By Jared Newman | Thursday, June 9, 2011 at 8:43 am
If you watched Sony’s E3 press conference, you might’ve dismissed Dust 514 as just another Playstation 3 shooter among countless others. And that’d be too bad, because Dust 514’s latest trailer doesn’t do justice to the crazy ideas that CCP Games is trying to execute.
Unlike most multiplayer shooters, whose individual matches live in a vacuum and don’t support any overarching goals, Dust 514 is tied directly to the massive multiplayer game EVE Online. By fighting on the ground, players try to capture planets on behalf of EVE’s major corporations. In other words, players’ actions in Dust 514 can have a ripple effect throughout the EVE universe.
That may not mean a whole lot if you don’t know anything about EVE Online, but understand that EVE is serious business for the 400,000 people who play it. Coalitions have formed and crumbled over the game’s 8-year history, and player alliances have rich histories that read like something out of a text book.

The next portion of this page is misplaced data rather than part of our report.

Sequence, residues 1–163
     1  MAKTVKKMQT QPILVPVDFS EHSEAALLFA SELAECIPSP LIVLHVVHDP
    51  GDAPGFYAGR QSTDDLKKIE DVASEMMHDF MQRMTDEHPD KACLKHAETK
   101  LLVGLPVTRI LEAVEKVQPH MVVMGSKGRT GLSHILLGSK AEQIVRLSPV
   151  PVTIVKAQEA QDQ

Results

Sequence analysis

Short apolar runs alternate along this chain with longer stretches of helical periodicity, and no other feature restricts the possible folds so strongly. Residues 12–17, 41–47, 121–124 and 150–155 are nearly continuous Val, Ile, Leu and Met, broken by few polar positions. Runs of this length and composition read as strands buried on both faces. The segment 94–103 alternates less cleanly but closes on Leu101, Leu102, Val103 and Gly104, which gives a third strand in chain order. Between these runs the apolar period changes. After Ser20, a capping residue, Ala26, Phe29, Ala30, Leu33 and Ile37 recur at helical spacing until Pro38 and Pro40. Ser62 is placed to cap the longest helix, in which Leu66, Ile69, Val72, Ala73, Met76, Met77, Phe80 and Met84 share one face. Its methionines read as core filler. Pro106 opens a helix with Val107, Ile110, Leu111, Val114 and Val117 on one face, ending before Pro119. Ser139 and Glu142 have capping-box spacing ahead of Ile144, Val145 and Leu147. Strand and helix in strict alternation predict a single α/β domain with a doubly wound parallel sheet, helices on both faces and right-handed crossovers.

Not surprisingly, EVE players have already taken an interest in Dust 514. Some have set up websites to recruit strong players, offering to bankroll them with in-game credits. For less coveted players, Dust 514 won’t require a subscription, but will require an up-front purchase of in-game currency. After that, players can play for free, buy more currency or hope to attract the attention of EVE players and get funded.
It’s not clear exactly how the battles in Dust 514 will play out, but Thomas Farrer, the game’s producer, said during a press briefing that it can take hours to capture a piece of planetary infrastructure, of which there are several on each planet. Players will also be able to
fight against computer opponents fight in missions generated by computer-controlled corporations (Correction: at this point, CCP is saying that all opponents will be human), but the risks and rewards will be lower. The game will go into private trials at the end of this year and launch next spring.
The thing about ambition is that it doesn’t always work out. CCP has never published a first-person shooter, and if the game isn’t fun, it’s not going to draw many more people into the EVE universe. But I can’t fault CCP for trying. “What we wanted to create with this is an experience that’s about more than shooting people in the face,” Farrer said.
Amen to that.